I found in one of my research days in Bucharest in one of the most well-heeled areas of the city an inscription decorating the pediment of an inter-war Spanish Mission style house (one of the very few such design buildings from Romania’s capital) rendered in an unknown script. I tried to identify the letters in various online and paper printed sources, but to no avail. My impression is that the inscription is rendered in a medieval European alphabet revived and used by the Freemasons, who were vigorously active in Romania before the communist take over. I have already identified and published in the recent past photographs and considerations on a couple of long forgotten Masonic signs rendered as architectural decorations in another upmarket area of Bucharest, articles which can be accessed here and at this link. Another theory would be that the writing is Phoenician, the letters resembling somehow that script, my reasoning being that the house should have belonged to someone with Spanish connections (Romania used to have a sizeable Jewish Ladino community before the Holocaust and postwar emigration), as the architectural style would  imply, a land so much linked with the ancient Carthaginian civilisation. Anyway, I very much hope that someone from among my readers would be able to help in identifying the meaning of this peculiar piece of architectural history,.

Masonic or Phoenician inscription? on the doorway pediment of a Spanish Mission style hosue (1932) from the Kiseleff area of Bucharest. (©Valentin Mandache)

PS In February 2011 I received an email from one of my readers, Mr. Ion Musceleanu, who conveyed to me an interesting interpretation of this inscription, made by a specialist in ancient Indo-European linguistics, known to the online community under the nickname Teofil. He considers that the text is in Sanskrit Devanagari, a script derived from the Gupta type, encountered in northern India and Nepal; the first row is a numa (“Gold”, “Golden”, which seems to be slightly misspelt), while the second row means “Fortune”/ “Chance”, again slightly misspelt. I would like to thank Teofil for this interpretation, which hopefully would help deciphering this architectural enigma of Bucharest.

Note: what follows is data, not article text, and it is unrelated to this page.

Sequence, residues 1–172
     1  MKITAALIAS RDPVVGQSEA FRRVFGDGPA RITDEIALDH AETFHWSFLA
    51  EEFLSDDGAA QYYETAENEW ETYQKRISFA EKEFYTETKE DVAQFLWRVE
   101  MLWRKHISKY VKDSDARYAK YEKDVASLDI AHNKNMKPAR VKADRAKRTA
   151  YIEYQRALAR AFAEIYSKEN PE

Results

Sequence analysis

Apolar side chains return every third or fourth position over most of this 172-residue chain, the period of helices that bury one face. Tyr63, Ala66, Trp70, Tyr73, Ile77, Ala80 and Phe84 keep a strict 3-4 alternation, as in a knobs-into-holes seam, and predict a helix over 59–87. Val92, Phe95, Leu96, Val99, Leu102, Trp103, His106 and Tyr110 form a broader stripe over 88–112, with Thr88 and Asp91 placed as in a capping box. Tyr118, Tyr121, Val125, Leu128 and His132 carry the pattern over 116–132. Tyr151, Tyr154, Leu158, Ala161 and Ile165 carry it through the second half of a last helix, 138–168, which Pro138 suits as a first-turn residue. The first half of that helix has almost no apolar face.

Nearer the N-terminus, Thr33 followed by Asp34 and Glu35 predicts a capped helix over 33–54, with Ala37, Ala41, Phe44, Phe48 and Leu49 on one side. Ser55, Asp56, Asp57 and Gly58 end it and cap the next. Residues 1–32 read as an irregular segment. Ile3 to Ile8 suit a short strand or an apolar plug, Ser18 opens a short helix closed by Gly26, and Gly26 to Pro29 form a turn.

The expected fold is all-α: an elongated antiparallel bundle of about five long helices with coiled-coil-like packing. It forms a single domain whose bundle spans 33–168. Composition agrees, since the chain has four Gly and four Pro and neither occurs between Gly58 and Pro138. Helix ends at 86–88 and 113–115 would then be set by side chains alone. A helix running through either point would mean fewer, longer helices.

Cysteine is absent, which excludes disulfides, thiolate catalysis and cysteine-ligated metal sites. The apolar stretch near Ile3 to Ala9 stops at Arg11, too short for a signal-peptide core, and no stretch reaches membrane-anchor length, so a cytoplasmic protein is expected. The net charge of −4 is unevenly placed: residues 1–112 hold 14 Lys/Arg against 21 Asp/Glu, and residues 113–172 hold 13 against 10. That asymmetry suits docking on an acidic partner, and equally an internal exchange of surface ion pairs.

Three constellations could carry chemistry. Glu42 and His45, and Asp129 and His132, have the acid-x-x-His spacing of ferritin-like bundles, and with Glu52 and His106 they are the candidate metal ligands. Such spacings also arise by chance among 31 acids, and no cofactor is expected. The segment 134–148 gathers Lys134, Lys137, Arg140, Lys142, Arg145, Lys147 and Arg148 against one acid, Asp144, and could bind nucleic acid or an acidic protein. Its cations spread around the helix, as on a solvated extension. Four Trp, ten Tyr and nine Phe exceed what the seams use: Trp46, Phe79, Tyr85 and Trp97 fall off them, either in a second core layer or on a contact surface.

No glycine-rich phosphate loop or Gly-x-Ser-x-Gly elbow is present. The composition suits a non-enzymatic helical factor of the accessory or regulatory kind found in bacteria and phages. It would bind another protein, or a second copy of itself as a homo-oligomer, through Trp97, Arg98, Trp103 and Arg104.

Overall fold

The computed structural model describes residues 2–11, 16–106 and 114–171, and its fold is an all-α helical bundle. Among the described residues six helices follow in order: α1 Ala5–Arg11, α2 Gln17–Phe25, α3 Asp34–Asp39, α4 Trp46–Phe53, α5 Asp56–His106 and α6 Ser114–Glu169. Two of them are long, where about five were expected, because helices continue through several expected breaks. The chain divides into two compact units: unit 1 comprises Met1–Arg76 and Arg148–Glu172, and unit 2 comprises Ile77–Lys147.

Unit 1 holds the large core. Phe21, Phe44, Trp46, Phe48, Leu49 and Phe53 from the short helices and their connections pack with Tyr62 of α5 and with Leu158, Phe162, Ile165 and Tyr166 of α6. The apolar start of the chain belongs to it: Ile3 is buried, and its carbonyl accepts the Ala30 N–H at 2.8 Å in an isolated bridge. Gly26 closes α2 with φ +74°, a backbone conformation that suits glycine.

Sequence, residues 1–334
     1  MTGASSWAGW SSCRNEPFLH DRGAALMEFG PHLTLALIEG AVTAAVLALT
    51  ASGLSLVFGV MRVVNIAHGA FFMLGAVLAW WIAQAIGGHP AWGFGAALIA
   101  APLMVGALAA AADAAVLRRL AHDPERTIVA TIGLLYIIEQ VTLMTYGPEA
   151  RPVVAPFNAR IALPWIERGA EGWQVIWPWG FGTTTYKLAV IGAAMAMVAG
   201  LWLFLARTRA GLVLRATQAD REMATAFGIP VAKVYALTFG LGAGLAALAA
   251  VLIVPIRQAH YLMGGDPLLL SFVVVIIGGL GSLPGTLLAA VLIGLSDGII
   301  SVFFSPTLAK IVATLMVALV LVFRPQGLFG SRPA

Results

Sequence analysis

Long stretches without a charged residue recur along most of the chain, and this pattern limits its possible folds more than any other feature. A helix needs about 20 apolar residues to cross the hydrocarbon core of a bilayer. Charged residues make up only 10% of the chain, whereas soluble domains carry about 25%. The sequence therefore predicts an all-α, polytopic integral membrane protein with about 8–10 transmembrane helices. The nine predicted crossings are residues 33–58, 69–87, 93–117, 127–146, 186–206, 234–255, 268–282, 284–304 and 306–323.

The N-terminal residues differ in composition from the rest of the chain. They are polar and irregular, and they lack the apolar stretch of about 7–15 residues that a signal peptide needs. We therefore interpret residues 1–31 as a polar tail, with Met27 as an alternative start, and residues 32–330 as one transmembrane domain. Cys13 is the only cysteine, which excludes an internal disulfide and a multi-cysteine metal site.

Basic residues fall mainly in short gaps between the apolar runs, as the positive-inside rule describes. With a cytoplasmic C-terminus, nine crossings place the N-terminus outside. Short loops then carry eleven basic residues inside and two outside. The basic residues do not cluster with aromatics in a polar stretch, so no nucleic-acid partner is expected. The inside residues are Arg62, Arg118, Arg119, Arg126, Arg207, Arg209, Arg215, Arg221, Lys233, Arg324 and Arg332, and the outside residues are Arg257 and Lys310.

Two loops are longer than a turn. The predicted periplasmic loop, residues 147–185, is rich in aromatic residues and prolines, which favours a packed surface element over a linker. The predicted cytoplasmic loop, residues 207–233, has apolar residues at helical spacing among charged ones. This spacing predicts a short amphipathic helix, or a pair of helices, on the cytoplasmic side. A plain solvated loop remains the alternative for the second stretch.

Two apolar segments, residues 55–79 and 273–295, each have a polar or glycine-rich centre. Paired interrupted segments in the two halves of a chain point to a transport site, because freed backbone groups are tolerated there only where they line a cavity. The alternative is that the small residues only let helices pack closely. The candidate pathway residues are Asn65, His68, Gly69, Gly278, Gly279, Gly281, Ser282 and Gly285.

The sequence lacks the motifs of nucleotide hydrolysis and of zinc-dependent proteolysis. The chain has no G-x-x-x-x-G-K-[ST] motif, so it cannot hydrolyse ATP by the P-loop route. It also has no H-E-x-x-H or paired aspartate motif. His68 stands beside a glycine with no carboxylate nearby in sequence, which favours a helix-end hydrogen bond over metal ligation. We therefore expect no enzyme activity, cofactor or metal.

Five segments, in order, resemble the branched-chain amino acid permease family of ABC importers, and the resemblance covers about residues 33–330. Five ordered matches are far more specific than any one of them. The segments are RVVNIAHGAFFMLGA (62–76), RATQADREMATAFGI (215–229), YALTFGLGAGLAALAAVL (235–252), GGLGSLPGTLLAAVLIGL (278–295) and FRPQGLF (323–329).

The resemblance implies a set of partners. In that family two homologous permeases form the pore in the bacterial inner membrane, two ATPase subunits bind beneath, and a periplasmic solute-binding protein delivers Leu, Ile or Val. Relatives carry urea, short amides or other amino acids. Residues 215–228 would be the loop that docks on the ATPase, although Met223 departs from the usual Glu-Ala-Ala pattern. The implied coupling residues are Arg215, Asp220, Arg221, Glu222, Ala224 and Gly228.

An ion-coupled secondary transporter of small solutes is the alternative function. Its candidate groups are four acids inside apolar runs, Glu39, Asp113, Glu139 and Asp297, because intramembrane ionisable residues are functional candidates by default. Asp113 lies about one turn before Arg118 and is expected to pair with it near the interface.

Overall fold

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Prin aceasta serie de articole zilnice intentionez sa inspir in randul publicului aprecierea valorii si importantei caselor de epoca din Romania – un capitol fascinant din patrimoniul arhitectural european si o componenta vitala, deseori ignorata, a identitatii comunitatilor din tara.

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Daca intentionati sa cumparati o proprietate de epoca sau sa incepeti un proiect de renovare, m-as bucura sa va pot oferi consultanta in localizarea proprietatii, efectuarea unor investigatii de specialitate pentru casele istorice, coordonarea unui proiect de renovare sau restaurare etc. Pentru eventuale discuţii legate de proiectul dvs., va invit sa ma contactati prin intermediul datelor din pagina mea de Contact, din acest blog.